39. Simon says:

    The review recommended no such thing. There was a minority opinion which did indeed recommend reducing/removing the charge, but the majority were in favour of no government money being directed at it.

    I argue that there should be a congestion charge for driving to the airport (either terminal) and that the charge should be adjusted for the changing demand on a revenue neutral basis.

  40. David says:

    From the parliamentary review,

    “Recommendation 5, That Transport for NSW model the most appropriate method, and publically report the findings, to remove the station usage fee for weekly tickets for workers in the Sydney Airport precinct to Domestic and International Airport stations. If found feasible, then Transport for NSW should enter into negotiations with Airport Link Company to implement this measure.”

    I don’t think this states a 22% increase in weekly tickets, or a 200% price increase of ordinary Sydney rail station fees, ie. Mascot or Wooli Creek stations.

  41. Simon says:

    Also, it’s not too late to buy a yearly which should sort you out until something is done about the situation. Wouldn’t that be better than whinging about it?

  42. Simon says:

    Right, but that recommendation only refers to workers – not the absolute scrapping of the charge. And is qualified to boot with “If found feasible” etc.

  43. David says:

    I hardly think that pointing out government recommendations that have not been followed is whinging. The fact remains however, that there a large number of low paid employees that cannot afford to drive, nor can they afford to take such a high financial hit. The policy requires immediate attention and responsible action from government employees tasked with reviewing and commenting on its progress.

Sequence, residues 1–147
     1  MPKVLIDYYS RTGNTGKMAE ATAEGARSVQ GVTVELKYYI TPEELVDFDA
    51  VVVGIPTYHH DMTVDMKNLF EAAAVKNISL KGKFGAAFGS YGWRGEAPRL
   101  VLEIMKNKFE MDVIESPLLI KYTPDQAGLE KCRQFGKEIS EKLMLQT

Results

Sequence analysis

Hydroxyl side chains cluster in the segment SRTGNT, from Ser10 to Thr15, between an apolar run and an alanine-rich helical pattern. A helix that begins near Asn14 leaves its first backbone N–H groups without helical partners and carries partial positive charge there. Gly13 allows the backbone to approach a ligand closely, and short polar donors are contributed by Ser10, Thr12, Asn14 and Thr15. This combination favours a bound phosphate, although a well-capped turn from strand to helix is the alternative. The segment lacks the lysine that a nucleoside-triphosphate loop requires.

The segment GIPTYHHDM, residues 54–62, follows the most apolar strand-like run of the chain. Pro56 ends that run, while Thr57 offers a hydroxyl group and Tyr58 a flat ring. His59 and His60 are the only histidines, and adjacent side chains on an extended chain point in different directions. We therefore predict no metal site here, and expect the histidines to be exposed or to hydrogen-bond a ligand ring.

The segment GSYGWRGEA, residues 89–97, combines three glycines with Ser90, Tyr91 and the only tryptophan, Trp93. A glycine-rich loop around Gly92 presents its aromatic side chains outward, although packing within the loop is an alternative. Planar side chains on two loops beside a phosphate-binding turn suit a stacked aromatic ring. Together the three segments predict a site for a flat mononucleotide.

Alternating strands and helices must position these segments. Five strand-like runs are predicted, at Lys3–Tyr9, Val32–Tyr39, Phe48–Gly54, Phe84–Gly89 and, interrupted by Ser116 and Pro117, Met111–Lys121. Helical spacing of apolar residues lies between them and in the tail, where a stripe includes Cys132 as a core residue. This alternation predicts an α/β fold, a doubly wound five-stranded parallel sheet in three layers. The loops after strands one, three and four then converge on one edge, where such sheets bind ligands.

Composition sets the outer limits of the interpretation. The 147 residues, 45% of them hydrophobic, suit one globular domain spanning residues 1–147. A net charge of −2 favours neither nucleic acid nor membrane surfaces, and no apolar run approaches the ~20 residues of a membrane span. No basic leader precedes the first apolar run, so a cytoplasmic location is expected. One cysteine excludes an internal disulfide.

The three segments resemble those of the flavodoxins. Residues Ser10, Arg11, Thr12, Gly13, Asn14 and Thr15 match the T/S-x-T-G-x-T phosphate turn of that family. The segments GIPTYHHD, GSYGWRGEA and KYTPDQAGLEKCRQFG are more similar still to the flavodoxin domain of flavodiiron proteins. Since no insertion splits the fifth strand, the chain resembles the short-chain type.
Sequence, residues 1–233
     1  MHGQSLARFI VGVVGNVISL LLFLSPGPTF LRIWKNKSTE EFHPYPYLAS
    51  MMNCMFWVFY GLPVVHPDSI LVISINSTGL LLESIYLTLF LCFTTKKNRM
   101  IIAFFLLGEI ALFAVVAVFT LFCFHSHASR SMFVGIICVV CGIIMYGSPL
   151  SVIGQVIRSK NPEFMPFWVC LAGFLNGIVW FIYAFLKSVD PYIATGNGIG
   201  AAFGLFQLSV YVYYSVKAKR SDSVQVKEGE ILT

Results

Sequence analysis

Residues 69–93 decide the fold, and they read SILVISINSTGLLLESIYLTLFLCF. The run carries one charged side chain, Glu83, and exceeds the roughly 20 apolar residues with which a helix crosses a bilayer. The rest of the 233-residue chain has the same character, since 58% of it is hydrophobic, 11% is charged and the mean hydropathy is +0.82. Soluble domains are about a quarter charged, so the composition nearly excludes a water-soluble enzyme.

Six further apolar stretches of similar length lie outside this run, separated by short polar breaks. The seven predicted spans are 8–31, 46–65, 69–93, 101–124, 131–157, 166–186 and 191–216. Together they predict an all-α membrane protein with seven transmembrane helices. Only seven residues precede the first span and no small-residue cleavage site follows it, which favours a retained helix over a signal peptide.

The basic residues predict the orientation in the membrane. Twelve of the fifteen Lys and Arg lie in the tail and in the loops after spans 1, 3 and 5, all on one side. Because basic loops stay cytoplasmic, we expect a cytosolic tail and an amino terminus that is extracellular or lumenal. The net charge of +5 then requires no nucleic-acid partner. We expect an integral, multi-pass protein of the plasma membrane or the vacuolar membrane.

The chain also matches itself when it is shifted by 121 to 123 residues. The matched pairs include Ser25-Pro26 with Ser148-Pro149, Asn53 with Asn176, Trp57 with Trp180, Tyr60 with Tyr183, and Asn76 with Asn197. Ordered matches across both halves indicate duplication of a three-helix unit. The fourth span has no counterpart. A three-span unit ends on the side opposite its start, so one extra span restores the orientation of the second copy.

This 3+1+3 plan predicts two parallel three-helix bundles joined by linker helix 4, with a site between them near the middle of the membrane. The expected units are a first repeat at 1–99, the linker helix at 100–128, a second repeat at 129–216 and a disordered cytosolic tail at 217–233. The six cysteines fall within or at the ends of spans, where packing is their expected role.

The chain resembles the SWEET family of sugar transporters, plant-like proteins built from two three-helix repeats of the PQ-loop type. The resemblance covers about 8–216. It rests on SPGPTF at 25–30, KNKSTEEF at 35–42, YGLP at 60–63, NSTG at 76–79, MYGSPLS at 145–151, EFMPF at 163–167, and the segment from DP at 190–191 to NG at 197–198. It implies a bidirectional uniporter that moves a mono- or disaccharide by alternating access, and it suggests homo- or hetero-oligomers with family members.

44. David says:

    Certainly a step in the right direction.
    The improvements to the train network and reliability have been excellent and the Opal system generally works very well. I believe that further improvements by following recommendations of the Parlimentary committee will see great benefits for tourism and general business for Sydney in the future.

  45. dalia says:

    what i found very annoying about the opal card is that it is impossible to buy it at the station; you have to go to a newsagent. well today the newsagent at my local station said his machine was not working, so i could not top up. this is outrageous. there should be machines at the station for topping up and it should be possible to top up with station tellers. why only newsagents???

  46. Simon says:

    They want everyone to use auto top up. You mightn’t like it, but they aren’t likely to go out of their way to entrench human interaction with ticket sellers at stations. They really would like to get rid of them all.

  47. Shamine says:

    Hi guys Opal has put a cap on airport access fee to $21 per week. That means you can tap on and off as much you want for just that. It’s on their website. . So if you travel to work to airport 5 times a week it’s actually cheaper than the old system:
    Tap on station AM: $3.30 (based on my station I travel off-peak)
    Tap on airport weekly: $21
    Tap off station PM: $3.30
    6.60×4 days + $21 =$47.40 is all you pay a week to travel to and from airport. On peak returns would be around $10 more.
    If the Weekly Travel Award doesn’t apply then additional $6.60 is charged for the 5th day.